## Including Plots in A LaTeX document

Figure: This the example plot generated with the latex terminal type in gnuplot.

There is a latex terminal type in gnuplot, which lets you generate plots in LaTeX's picture environment format. Here's an example:

  f(x)=sin(exp(x**2))
g(x)=cos(exp(x**2))
set term latex
set samples 500
set output 'example.tex'
set title 'An Example of Plotting in \LaTeX\ with {\sf gnuplot}'
set format y '$%g$'
set xtics ('$-\frac{\pi}{2}$' -pi/2, '$-\frac{\pi}{4}$' -pi/4,\
'0' 0, '$\frac{\pi}{4}$' pi/4, '$\frac{\pi}{2}$' pi/2)
set xrange[-pi/2:pi/2]
plot f(x) title '$\sin e^{x^2}$', g(x) title '$\cos e^{x^2}$'
Then in the LaTeX document, where you want to insert the plot, do the following:
  \begin{figure}
\begin{center}
\end{center}
\caption{This the example plot generated with the \cmd{latex}
terminal type in {\sf gnuplot}.}
\end{figure}
You should get the plot shown in Figure .

Note that the number of points to be evaluated is set to 500. This is done to improve the appearance of the curves on paper. gnuplot's default setting of 100 points may be sufficient for viewing on the screen, but the resolutions of printers are usually much higher than that of screen.

For more details, please refer to the document LaTeX and the GNUPLOT Plotting Program by David Kotz, which is included with the gnuplot\ distribution.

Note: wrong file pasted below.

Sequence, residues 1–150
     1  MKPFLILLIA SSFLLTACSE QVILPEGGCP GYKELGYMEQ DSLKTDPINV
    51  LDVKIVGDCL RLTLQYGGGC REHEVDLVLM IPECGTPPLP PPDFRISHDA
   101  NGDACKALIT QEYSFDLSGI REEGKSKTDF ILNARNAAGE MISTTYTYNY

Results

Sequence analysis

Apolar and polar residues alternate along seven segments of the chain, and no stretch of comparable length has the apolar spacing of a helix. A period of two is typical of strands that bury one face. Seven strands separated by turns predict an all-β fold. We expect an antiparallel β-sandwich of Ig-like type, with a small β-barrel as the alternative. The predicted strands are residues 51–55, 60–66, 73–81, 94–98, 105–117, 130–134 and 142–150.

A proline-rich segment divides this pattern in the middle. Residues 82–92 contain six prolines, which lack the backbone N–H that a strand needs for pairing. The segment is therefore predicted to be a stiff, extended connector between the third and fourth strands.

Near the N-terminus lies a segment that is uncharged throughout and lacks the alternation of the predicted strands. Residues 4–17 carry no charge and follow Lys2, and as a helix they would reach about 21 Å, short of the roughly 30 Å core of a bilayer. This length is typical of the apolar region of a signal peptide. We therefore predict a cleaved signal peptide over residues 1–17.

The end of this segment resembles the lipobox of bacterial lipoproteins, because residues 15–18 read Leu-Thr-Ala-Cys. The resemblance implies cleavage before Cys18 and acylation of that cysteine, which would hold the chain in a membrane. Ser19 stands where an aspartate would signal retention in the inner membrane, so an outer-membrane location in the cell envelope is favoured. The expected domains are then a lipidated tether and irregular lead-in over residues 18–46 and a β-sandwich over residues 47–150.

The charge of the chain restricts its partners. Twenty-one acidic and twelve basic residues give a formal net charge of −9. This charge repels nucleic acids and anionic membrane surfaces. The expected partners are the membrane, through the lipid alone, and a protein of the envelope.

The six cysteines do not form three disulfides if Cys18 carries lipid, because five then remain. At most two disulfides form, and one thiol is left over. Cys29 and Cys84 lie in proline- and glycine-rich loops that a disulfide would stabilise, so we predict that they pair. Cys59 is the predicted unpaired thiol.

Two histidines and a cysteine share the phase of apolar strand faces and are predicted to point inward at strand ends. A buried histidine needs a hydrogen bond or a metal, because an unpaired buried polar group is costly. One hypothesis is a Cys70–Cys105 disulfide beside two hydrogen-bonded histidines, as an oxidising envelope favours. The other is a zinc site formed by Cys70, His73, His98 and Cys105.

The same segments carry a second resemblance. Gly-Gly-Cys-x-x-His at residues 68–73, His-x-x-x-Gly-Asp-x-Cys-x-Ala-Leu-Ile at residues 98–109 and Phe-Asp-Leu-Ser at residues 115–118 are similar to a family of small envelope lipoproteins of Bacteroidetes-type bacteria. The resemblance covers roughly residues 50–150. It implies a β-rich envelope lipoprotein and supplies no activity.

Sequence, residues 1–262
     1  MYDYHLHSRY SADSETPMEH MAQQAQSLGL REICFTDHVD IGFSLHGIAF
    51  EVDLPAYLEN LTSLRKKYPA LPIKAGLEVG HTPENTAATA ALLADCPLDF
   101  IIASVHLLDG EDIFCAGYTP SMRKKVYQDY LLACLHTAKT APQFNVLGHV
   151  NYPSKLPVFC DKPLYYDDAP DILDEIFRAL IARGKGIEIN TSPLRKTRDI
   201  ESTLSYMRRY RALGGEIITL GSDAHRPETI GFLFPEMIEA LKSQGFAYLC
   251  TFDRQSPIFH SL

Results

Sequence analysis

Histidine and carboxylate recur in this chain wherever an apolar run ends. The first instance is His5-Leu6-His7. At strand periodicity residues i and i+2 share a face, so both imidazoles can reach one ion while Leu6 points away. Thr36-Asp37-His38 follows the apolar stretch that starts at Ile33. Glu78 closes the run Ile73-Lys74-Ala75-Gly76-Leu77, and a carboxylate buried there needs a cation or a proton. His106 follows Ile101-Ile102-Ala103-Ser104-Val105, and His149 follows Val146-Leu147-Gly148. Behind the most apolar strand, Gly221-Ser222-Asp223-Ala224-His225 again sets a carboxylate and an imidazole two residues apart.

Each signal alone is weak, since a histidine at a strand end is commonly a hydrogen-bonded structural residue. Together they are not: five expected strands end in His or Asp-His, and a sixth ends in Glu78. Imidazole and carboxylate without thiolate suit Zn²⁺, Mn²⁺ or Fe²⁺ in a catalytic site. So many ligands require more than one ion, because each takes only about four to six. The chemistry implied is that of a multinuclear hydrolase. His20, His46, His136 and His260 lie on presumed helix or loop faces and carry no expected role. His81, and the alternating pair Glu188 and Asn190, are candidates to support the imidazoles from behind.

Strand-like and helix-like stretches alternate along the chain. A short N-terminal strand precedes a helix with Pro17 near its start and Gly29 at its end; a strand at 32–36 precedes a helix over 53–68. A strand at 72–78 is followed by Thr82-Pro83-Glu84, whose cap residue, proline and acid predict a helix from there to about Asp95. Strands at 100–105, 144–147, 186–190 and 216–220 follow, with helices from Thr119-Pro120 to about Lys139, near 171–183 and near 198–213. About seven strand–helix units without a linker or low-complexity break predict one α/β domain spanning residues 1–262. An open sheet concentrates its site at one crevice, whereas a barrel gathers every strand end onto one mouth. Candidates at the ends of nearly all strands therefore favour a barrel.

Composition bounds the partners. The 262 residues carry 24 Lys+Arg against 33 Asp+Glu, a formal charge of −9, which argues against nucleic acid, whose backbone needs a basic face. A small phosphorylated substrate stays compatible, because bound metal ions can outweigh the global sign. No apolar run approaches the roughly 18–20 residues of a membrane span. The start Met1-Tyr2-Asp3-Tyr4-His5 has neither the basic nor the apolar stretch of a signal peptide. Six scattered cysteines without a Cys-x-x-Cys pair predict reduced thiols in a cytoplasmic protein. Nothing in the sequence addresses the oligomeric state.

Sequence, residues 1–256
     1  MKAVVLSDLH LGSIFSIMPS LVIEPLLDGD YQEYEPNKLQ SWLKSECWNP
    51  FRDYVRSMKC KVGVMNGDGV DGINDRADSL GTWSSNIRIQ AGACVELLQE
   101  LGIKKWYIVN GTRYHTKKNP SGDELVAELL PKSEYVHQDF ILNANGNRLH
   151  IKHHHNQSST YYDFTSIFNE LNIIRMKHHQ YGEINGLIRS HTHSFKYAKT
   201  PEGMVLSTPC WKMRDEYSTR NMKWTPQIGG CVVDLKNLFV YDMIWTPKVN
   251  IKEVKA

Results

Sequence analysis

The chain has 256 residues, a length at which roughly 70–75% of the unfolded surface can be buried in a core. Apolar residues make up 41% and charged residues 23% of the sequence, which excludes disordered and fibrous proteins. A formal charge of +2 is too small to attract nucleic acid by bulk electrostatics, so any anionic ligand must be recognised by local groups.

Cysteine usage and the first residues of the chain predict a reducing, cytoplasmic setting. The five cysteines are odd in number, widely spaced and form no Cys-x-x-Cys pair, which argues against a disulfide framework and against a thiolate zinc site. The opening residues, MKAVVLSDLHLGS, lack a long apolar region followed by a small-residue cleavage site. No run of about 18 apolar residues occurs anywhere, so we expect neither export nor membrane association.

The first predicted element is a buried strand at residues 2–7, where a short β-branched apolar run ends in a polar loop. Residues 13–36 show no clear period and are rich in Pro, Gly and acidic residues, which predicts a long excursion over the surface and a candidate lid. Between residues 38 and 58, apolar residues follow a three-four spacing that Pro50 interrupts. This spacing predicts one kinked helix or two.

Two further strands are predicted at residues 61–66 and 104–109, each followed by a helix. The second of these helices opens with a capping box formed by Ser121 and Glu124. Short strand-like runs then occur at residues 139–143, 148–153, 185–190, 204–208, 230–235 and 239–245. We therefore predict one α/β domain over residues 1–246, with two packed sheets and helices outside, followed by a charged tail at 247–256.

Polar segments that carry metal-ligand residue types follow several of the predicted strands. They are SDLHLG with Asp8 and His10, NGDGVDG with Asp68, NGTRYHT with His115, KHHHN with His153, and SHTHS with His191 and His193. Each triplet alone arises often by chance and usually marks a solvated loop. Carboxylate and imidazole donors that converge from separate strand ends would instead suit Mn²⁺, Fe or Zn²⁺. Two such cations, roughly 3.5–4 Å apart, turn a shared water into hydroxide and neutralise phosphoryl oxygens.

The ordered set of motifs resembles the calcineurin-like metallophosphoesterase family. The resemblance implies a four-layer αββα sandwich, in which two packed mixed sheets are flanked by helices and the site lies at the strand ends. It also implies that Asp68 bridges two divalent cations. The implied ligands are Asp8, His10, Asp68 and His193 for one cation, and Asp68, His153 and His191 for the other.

If you are using a PostScript device for LaTeX output, there is a pslatex terminal type, which uses LaTeX to typeset the title, labels, etc. and PostScript specials for the plot. The quality of the plot is better than the plain LaTeX's native picture environment. The output from gnuplot with the pslatex terminal type can be inserted into your LaTeX document the same way as described above. However, most dvi previewers don't support the PostScript specials. Thus you won't be able to preview the plot with the rest of the document.

There are a few drawbacks of using the latex terminal type. For one, the plot is drawn with commands in LaTeX's picture environment. Lines can only be drawn in certain slopes. Thus the appearance of the plot can be less than satisfying. For another, it is almost impossible to import a three-dimensional surface plot into LaTeX with it because it will almost always exceed LaTeX's capacity. Using pslatex instead of latex usually doesn't help. An alternative is the eepic terminal type. eepic is an extended picture environment for LaTeX. Figure  was created with the eepic terminal type. To use eepic, you need the files epic.sty and eepic.sty (available from any Comprehensive TeX Archive Network sites, e.g., pip.shsu.edu). You need to load these two style files as options in the documentstyle statement. Then you can import the output from gnuplot as described above.

Next: Other Sources of Information Up: gnuplot 3.5 User's Guide Previous: More on Plotting

Andy Liaw
Tue Jul 16 23:20:34 CDT 1996